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Experimental Brain Research

, Volume 215, Issue 3–4, pp 315–325 | Cite as

The role of the right parietal lobe in the perception of causality: a tDCS study

  • Benjamin Straube
  • David Wolk
  • Anjan Chatterjee
Research Article

Abstract

Inferring causality is a fundamental feature of human cognition that allows us to predict outcomes in everyday events. Here, we use direct current stimulation (tDCS) to investigate the role of the right parietal lobe in the perception of causal events. Based on the results of a previous fMRI investigation, we hypothesized that the right parietal lobe plays a specific role in the processing of spatial attributes that contribute to judgments of causality. In line with our hypothesis, we found polarization-dependent modulation of causal judgments and corresponding reaction times (RTs) for trials with increasing violation of spatial contiguity in launching events. This effect was further modulated by temporal violations, as the effect of tDCS on the use of spatial information for causality judgements was strongest for trials with high temporal violations. Thus, especially for ambiguous trials with regard to temporal patterns, cathodal stimulation led to more liberal causality judgments for trials with high angles in movement trajectory. Furthermore, we found faster RTs after anodal stimulation of the right parietal lobe. These findings suggest a reduced influence of spatial attributes on the perception of causality after cathode stimulation of the right parietal lobe and an increased processing efficiency after anodal stimuli of the same region. These data demonstrate polarization-dependent tDCS modulation of spatial processing mechanisms within the right parietal lobe that contribute to the perception of causality.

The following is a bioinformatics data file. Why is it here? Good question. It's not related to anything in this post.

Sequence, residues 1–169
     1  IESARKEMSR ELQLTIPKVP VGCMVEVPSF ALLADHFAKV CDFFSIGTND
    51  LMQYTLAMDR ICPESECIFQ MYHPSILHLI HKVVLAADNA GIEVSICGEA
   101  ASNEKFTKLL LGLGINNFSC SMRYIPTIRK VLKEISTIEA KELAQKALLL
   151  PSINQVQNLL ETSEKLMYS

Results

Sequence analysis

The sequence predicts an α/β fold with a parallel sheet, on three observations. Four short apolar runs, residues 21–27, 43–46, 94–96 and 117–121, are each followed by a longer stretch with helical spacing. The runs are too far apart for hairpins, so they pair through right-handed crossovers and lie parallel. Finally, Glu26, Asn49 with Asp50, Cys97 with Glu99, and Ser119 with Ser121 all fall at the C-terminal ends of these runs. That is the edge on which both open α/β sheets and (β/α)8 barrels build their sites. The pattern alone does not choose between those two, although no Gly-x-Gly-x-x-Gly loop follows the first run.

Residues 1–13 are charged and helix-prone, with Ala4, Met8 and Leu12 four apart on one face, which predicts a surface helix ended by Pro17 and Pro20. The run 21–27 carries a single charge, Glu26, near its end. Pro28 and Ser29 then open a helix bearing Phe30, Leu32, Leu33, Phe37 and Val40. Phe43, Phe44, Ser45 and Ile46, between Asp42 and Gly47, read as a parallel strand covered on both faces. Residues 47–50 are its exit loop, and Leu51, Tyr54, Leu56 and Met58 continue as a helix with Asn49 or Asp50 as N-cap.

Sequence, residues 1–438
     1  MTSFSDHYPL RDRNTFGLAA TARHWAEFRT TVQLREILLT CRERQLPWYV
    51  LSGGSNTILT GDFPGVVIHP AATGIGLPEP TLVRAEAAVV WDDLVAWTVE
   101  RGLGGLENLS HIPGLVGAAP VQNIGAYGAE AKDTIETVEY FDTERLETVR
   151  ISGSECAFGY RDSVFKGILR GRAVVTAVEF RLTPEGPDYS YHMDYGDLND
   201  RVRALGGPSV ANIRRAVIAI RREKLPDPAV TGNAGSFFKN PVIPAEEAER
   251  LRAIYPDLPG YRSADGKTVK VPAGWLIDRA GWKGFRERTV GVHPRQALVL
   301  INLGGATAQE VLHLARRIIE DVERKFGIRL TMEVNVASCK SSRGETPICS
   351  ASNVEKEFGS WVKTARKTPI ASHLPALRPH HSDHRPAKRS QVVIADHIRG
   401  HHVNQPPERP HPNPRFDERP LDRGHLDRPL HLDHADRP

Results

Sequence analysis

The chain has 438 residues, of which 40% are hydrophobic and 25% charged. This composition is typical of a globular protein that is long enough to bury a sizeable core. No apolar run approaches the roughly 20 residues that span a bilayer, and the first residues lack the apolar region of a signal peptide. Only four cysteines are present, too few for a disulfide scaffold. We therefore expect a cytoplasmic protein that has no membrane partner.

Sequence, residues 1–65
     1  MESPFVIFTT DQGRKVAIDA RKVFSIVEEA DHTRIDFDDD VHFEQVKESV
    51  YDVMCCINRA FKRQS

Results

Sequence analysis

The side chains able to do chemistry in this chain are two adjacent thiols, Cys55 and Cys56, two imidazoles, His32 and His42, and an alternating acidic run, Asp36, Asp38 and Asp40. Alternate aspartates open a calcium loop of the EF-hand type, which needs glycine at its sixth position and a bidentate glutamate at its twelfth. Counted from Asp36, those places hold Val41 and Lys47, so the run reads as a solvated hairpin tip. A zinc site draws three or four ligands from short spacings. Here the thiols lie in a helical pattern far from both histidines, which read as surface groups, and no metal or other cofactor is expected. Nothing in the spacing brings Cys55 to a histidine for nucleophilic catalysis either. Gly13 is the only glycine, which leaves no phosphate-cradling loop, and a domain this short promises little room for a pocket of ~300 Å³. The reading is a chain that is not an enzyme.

Keywords

Perception of causality Spatial continuity Temporal contiguity Parietal lobe Event structure 

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Copyright information

© Springer-Verlag 2011

Authors and Affiliations

  • Benjamin Straube
    • 1
    • 2
  • David Wolk
    • 1
  • Anjan Chatterjee
    • 1
  1. 1.Department of Neurology and the Center for Cognitive NeuroscienceThe University of PennsylvaniaPhiladelphiaUSA
  2. 2.Department of Psychiatry und PsychotherapyPhilipps-University MarburgMarburgGermany

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